After 31 years with the Southwest Florida Water Management District, Brandt Henningsen has retired as Chief Advisory Environmental Scientist.
WUSF's Jessica Meszaros recently spoke with Henningsen, during his final day on the job, getting a glimpse at his work in conservation in the Tampa Bay area.
Are there projects in the Tampa Bay area that you're particularly proud of?
Oh absolutely. One of the ones that was most recently finished would be the Rock Ponds Ecosystem Restoration Project that I did with an engineer by the name of Nancy Norton. We were co-project managers on that. And this particular project is a landscape-sized project. It's the largest single coastal ecosystem restoration project ever done for Tampa Bay.
It's right at 1,050 acres-- so that's about 650 acres of various types of upland habitats, and then about 400 acres of various types of estuarine freshwater wetlands. So that particular project is also providing some water quality improvements as we're taking some offsite drainage from predominately an agricultural watershed and then running that through our freshwater wetlands before it goes into intertidal lagoons.
So that's helping cleanse that water removing some of the pollutants, while keeping the freshwater wetlands more hydrated. And then that freshwater, when it goes into the intertidal lagoons, lowers the salinity in those lagoons to make it more nursery friendly for little baby fishes, like your little snook and redfish and mullet and tarpon and things like that that are important for the commercial fisheries, as well as to recreational fisheries.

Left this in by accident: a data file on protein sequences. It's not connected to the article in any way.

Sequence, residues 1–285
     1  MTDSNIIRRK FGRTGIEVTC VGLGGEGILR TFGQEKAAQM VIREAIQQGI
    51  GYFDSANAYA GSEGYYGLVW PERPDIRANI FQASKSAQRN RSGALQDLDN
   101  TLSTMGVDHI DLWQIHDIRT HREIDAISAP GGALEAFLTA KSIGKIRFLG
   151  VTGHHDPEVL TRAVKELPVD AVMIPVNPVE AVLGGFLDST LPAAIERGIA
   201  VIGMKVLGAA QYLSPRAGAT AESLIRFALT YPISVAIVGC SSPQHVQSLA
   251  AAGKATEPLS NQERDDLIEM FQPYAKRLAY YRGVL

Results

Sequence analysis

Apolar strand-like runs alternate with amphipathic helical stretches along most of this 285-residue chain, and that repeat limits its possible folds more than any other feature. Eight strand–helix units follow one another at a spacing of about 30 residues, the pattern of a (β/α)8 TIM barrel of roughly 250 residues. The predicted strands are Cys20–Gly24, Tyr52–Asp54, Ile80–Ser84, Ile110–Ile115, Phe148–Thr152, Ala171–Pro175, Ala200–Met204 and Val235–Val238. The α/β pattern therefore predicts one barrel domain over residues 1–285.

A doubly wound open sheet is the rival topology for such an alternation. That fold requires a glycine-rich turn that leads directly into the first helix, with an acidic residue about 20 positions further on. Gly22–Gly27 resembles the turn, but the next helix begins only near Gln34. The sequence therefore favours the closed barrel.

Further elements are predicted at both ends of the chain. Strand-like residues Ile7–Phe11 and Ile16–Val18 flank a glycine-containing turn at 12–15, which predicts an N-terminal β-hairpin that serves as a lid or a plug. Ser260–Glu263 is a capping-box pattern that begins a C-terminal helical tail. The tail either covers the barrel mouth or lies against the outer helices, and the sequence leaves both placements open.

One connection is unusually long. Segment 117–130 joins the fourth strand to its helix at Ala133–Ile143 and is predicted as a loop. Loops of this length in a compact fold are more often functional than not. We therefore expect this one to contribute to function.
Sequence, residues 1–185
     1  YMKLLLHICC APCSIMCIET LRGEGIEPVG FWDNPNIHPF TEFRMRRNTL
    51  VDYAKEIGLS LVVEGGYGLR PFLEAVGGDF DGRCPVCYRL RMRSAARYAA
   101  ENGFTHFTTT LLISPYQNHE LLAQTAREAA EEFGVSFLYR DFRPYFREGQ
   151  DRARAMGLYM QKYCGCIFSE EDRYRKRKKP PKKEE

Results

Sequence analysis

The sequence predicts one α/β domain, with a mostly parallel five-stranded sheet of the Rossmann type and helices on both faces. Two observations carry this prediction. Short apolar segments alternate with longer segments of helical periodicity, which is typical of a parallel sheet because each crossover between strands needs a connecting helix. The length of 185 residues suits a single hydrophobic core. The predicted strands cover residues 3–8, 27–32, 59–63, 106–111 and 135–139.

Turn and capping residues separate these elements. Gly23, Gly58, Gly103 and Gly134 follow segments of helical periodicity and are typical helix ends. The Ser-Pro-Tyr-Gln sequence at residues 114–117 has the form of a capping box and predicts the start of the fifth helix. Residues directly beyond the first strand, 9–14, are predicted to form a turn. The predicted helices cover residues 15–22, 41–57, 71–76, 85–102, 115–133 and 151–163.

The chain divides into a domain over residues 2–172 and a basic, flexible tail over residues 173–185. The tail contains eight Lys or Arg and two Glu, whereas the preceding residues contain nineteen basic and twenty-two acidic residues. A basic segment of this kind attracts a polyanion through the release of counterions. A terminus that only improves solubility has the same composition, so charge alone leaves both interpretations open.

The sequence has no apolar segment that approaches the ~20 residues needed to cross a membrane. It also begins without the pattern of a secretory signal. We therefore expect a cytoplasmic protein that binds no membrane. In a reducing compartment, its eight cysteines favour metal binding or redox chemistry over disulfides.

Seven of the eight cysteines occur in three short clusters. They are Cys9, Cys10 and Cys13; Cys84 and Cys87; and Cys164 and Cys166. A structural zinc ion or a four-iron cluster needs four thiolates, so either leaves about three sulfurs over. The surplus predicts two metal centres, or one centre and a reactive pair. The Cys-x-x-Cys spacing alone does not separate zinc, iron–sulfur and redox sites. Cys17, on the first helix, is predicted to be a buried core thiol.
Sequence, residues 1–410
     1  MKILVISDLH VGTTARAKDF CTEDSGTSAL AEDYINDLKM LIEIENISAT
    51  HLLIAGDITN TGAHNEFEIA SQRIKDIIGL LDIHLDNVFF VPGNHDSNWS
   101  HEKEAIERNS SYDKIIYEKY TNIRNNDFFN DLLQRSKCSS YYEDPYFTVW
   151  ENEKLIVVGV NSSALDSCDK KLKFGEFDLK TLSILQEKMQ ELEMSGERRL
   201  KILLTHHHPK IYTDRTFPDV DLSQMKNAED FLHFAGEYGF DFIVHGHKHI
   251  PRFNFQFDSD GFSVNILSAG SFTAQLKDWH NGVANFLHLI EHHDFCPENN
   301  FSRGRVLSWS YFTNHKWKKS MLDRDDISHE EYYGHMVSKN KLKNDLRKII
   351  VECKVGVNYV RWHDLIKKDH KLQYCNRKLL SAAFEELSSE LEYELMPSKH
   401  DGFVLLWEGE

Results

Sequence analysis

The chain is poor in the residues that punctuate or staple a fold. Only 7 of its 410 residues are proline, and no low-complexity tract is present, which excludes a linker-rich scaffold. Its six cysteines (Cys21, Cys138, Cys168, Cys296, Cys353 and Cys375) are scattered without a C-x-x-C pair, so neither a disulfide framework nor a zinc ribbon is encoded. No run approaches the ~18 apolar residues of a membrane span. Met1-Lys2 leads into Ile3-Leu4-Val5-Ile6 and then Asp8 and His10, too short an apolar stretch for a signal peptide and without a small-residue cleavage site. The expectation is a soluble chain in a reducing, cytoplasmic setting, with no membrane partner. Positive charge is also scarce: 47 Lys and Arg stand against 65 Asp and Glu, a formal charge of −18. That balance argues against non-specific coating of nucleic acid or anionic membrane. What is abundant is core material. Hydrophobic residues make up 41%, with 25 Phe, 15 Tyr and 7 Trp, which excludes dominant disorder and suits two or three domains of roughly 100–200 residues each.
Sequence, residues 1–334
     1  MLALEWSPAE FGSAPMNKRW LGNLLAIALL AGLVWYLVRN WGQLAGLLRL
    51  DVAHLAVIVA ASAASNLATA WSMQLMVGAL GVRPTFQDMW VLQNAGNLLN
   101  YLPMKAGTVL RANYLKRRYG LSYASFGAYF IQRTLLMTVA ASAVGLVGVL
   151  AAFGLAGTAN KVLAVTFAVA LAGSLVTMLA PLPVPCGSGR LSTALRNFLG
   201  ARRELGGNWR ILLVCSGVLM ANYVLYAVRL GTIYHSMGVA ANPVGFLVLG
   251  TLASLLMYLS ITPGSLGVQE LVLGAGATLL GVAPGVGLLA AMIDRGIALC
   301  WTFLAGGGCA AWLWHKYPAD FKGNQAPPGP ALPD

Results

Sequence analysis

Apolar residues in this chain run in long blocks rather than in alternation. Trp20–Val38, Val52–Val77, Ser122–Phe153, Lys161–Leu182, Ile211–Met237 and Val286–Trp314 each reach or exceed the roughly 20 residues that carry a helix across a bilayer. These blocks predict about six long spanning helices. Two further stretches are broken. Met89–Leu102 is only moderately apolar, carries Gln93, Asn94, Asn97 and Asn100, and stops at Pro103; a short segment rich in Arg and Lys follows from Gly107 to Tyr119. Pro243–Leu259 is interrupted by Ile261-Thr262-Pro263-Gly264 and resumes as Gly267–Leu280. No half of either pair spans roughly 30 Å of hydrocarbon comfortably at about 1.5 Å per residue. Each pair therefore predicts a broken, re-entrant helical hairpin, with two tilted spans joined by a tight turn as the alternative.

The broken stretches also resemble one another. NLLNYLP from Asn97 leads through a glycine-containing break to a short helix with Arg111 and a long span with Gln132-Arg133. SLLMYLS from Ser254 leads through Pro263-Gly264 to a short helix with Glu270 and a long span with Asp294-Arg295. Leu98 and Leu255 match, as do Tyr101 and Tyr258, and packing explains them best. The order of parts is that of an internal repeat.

How have water issues evolved in the Tampa Bay area the last three decades that you've been working?
What has happened is typically we have a biologist working with an engineer. And so the biologists teach the engineers some some ecology, and the the engineers teach the biologists some engineering principles, so we kind of blend the best of both worlds and and try to end up designing and then constructing projects that will be multifunctional-- both from a water quality improvement perspective, as well as providing quality habitats. So as a result of that-- of decades and decades of people working on improving water quality for Tampa Bay-- we have seen dramatic shifts of water quality improvements for Tampa Bay.
I mean right now, our water some of the cleanest it's been since the 1950s. We have thousands of acres of seagrasses that have had naturally recolonized throughout the Bay. We have more sea grasses now that was estimated to exist in the 1950s. Our fisheries resources have rebounded significantly. You know people are very pleased with these results. And it's a result of literally thousands of people working incrementally over the last 40 years to make these improvements. And that's sort of strategy could be used elsewhere throughout the state. And hopefully that would reduce these these blue green algae blooms and hopefully even like red tide.
What do you think about our new governor, Ron DeSantis, in terms of his environmental policy?
The first two weeks of Governor DeSantis' new administration have been very pleasantly surprising and he has come out with with you know both barrels blazing and he's taken a very promising environmental posture toward trying to address some of these environmental problems here in Tampa Bay. So I think the environmental community is is heartened by that and we hope that that's going to continue.